LAKE BLUFF — A pair of proposed ordinances dealing with short-term rental of real estate in Lake Bluff are getting refined before further consideration by the Village Board of Trustees.
The trustees and Village President Kathy O’Hara asked village attorney Peter Friedman and Administrator Drew Irvin to rework some details of the proposed ordinances during a meeting of the board’s Committee of the Whole February 26 at Village Hall.
One ordinance would amend the village code to specifically prohibit short-term rentals altogether while the other allows the practice but places restrictions on it. The Committee of the Whole is scheduled to look at the revisions at 6 p.m. March 12 at Village Hall.
If the process is allowed under the terms of the existing ordinance, it will be a pilot program for two years, according to Irvin. If the board took no action after that timeframe, the program would expire.
Trustee Paul Lemieux suggested once the ordinances are revised they be sent to the Plan Commission & Zoning Board of Appeals for public hearing.
One trustee, Barbara Ankenman, said she was opposed to allowing short-term rentals in the village. Another trustee, Mark Dewart, was not present. The other four mainly offered suggestions on how to best regulate the practice.
Hotels as well and bed & breakfast properties are not considered short-terms rentals under either ordinance. A short-term rental is a dwelling containing five or fewer rooms used for sleeping rented by transient guests for less than 30 consecutive days, according to the proposed ordinance.
Any short-term rental must be owner occupied for at least 275 days in a calendar year, according to the proposed legislation. It must also be the owner’s primary residence. Second homes cannot be rented on a short-term basis.
Parking for short-term rentals must be on the property and not on the street, according to the suggested law. No more than 10 adults may stay in a residence at one time and all rentals must be for two days or more.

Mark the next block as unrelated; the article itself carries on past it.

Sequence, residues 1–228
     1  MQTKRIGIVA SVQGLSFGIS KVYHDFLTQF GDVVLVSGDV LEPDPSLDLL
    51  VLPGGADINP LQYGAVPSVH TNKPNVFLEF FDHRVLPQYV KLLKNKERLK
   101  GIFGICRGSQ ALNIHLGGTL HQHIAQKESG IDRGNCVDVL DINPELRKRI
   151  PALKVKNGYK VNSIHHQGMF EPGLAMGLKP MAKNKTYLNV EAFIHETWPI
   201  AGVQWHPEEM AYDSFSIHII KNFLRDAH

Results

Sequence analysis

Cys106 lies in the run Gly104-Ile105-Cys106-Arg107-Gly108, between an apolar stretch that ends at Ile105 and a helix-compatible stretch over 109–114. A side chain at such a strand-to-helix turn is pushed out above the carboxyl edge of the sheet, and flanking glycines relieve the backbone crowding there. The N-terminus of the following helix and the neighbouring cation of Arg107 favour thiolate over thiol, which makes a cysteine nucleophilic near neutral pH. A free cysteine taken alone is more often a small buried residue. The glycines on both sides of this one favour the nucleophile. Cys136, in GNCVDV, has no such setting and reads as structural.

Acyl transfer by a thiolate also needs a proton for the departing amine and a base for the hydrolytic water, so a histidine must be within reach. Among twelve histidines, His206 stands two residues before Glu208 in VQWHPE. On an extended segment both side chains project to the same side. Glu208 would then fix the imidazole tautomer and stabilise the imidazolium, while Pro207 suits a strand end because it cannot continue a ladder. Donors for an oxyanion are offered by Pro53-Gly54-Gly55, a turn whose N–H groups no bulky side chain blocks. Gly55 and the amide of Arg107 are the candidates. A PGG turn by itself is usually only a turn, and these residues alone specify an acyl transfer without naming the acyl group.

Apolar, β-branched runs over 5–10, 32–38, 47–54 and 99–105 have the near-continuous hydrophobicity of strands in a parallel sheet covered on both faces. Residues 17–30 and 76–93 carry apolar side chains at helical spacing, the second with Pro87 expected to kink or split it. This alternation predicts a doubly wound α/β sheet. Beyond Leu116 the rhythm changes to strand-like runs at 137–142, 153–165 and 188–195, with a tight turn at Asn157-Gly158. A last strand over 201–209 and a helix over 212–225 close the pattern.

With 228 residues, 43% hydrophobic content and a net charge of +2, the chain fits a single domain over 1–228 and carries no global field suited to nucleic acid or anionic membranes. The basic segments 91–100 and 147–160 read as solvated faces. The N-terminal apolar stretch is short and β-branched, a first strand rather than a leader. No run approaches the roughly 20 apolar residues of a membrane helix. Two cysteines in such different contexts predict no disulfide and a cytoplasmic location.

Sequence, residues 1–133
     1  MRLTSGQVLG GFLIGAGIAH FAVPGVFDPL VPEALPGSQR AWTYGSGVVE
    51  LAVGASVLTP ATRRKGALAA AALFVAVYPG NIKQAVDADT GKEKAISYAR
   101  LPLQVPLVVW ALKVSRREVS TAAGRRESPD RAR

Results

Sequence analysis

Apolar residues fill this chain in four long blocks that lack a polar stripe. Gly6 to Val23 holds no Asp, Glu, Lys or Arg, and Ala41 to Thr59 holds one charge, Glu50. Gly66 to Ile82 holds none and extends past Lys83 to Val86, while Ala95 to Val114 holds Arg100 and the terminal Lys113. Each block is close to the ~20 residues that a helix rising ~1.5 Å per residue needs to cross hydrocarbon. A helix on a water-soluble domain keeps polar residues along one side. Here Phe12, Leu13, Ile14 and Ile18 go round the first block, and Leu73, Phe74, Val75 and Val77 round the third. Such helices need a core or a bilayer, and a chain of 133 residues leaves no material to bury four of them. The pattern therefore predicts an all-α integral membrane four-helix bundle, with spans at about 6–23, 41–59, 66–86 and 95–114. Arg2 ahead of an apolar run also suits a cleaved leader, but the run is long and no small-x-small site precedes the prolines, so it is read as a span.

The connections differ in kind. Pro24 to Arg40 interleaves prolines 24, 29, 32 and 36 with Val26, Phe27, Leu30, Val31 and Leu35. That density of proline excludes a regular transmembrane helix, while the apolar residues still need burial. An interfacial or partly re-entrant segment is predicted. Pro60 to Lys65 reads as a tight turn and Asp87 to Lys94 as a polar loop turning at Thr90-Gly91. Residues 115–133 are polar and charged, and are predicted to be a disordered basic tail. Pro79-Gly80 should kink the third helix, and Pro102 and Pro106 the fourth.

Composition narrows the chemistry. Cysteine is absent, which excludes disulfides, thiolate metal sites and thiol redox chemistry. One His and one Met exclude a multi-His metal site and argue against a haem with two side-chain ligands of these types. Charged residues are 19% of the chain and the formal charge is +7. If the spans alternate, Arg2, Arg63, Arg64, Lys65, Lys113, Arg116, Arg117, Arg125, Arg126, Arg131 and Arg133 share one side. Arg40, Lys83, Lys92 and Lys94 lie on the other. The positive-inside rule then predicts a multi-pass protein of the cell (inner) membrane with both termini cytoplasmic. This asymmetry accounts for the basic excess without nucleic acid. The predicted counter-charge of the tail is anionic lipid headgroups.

All short-term rental properties must be registered each year with the village, according to the ordinance. The detailed form, which Friedman said must be signed in affidavit form under penalty of perjury, contains information about the use and conditions of the property.
“The annual registration is one way we can assess compliance,” said Lemieux. “We’d like this to be as clear as can be,” he added referring to the registration requirements.
The registration fee set forth in the proposed legislation is $350 per year but Trustee Eric Grenier suggested the charge as high as $450.
Before registration is approved, the proposed ordinance requires an inspection for life-safety issues, demonstrating proof of insurance and compliance with the village code including fire extinguishers, smoke and carbon monoxide detectors, the ability to exit from a second floor window and hand railings for all staircases.
Trustee William Meyer suggested proof of insurance be a commercial policy and not a standard one for homeowners.
Fines for any violation of the ordinance can be as much as $5,000, according to the proposed law. Each day the facility is out of compliance is a separate offense.
Ankenman suggested the board send only one ordinance to the PCZBA for consideration after the trustees determine which one is likely to prevail. Though O’Hara said that was a possibility, no decision was made.
Six members of the public also spoke about the potential ordinances. Two were in favor of allowing short-term rentals while four expressed strong objections including life-safety and insurance issues.
Deborah Fischer, a real estate agent, said she did not believe short-term rentals would have a negative impact on property values. Gary Peters suggested letting voters decide the future of short-term rentals through a referendum.